Police have released surveillance images that show a man they say might have information about the shooting of a 16-year-old girl following Friday's Plant High School football game. The video shows an unidentified man walking into the football field at the South Tampa school the night of the game, police said. A few hours later, about 10 p.m., the 16-year-old was walking home with a 15-year-old classmate when a man pulled up next to them on W San Miguel Street near S Bendelow Trail. He rolled down the window, said something and pointed a gun at the girls, police said. The girls ran and the man fired, hitting the older girl in the left leg, police said. She was treated for nonlife-threatening injuries. The surveillance video was released Wednesday as detectives continue to investigate. Police officials say the man may be a "potential witness." Anyone with information about him was asked to call police at (813) 231-6130.
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Repairman helped to keep Tampa on time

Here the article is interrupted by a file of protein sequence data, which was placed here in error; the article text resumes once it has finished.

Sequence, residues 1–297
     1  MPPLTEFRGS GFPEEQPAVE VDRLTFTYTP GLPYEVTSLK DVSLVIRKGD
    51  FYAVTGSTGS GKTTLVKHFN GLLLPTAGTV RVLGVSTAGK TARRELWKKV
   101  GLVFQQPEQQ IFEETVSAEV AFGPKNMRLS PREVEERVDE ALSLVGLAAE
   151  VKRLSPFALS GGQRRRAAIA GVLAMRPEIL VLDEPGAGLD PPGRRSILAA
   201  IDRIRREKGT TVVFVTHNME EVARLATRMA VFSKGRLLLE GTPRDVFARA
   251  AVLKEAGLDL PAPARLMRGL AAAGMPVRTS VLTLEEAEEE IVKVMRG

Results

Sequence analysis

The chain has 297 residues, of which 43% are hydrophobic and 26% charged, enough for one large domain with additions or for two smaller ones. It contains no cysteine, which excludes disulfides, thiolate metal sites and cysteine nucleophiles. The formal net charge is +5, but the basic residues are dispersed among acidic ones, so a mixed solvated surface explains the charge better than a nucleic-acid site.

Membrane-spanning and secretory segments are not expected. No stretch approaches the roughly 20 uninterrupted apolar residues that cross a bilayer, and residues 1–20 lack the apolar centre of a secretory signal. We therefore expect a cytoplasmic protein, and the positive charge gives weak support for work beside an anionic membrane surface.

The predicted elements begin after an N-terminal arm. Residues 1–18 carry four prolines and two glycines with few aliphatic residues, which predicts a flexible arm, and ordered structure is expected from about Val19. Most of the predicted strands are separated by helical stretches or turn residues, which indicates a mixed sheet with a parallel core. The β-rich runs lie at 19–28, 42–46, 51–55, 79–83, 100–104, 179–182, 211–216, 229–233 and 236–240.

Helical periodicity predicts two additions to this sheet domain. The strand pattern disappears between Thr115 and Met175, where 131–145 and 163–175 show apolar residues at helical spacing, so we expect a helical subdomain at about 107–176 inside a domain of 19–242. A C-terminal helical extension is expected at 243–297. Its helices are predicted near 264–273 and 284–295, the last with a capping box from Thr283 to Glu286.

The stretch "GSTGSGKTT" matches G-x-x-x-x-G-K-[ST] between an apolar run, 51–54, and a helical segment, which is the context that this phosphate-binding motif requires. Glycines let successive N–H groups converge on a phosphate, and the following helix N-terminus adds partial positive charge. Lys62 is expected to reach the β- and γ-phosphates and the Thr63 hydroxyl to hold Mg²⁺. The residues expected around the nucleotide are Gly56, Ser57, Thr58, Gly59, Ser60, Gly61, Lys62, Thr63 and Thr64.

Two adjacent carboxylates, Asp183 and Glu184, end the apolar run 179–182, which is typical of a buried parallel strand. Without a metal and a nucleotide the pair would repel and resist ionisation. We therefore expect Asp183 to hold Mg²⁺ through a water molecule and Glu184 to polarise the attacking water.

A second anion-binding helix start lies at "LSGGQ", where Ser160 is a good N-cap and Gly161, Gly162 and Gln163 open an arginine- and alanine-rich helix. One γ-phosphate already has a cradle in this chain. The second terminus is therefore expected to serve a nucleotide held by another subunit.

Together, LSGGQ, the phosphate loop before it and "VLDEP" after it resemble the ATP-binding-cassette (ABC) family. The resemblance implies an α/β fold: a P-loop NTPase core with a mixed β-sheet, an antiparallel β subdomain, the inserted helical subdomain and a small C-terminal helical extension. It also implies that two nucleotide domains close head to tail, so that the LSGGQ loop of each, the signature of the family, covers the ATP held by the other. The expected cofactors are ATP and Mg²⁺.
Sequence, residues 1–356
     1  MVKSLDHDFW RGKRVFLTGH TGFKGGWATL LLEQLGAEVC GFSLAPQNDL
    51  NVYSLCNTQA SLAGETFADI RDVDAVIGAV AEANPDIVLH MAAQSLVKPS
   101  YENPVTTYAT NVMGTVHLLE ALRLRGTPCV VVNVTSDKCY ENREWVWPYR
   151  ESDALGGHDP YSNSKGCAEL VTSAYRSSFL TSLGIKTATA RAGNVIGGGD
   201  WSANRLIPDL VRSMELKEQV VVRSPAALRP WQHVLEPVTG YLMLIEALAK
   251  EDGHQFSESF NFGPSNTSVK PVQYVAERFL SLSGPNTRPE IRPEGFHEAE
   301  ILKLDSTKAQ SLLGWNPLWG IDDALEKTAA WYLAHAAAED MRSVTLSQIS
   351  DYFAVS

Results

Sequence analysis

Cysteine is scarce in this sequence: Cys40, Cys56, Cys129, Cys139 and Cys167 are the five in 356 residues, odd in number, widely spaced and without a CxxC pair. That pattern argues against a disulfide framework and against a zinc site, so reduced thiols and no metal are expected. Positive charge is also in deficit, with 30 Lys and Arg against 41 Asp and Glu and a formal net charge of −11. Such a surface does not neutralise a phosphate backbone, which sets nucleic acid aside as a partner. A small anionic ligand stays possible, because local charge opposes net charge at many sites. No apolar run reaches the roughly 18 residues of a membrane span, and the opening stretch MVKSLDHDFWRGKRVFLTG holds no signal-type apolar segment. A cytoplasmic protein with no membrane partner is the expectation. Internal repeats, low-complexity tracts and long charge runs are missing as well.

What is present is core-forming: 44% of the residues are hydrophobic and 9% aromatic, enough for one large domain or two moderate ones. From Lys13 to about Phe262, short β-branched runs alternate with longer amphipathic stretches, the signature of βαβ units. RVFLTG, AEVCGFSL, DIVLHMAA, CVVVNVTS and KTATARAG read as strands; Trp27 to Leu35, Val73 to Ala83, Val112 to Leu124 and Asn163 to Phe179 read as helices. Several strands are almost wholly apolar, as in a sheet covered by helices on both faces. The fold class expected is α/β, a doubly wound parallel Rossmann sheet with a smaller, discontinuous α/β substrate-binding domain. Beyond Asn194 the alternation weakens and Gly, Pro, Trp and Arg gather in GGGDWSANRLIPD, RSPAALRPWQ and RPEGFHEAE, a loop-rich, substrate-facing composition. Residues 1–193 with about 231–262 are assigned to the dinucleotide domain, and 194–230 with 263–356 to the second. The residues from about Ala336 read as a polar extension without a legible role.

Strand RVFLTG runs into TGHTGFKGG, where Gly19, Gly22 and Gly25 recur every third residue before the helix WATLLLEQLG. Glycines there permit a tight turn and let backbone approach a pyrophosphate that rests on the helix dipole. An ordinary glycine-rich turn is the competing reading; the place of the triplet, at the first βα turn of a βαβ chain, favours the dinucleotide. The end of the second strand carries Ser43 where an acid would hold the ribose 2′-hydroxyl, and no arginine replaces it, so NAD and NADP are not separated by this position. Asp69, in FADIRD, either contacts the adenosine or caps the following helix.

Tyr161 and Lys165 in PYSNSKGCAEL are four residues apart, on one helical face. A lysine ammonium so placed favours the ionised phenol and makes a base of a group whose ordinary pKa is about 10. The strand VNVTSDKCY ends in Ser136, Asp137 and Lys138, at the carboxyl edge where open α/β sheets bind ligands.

There are 54 places to keep oiled on the average grandfather clock, Stan Good used to say. And with consumer demand falling off sharply for new ones, he increasingly set out from his South Tampa clock shop to make house calls to keep the old ones running. "Ten years ago, they did a survey. There were 2,000 clockmakers, and we were dying at the rate of 10 percent a year," he told the Times two years ago. "So I should've been gone by now." Mr. Good, who for decades operated a family business called Stan Good Clocks on S MacDill Avenue, died Saturday at age 67. Mr. Good also had an affinity for parrots - he kept macaws in the shop - and song writing. A service will be held at 2 p.m. Sunday at the Blount & Curry Funeral Home chapel at 605 S MacDill Ave.
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Mayor, company officials to go on trade mission
Mayor Bob Buckhorn and a delegation of nearly four dozen economic development officials, educators and representatives of Tampa Bay area companies leave Saturday for a five-day trade mission to Brazil. Executives will meet business prospects in matchmaking sessions and officials will meet with counterparts from Sao Paulo, the Southern Hemisphere's largest city with a metro area population of 19 million, and Porto Alegre, a city of 1.5 million that is becoming a sister city to Tampa. "These relationships take time to develop, but if you don't do it I can guarantee you won't get the business," said Buckhorn, whose travel expenses are being covered by the Tampa Hillsborough Economic Development Corp.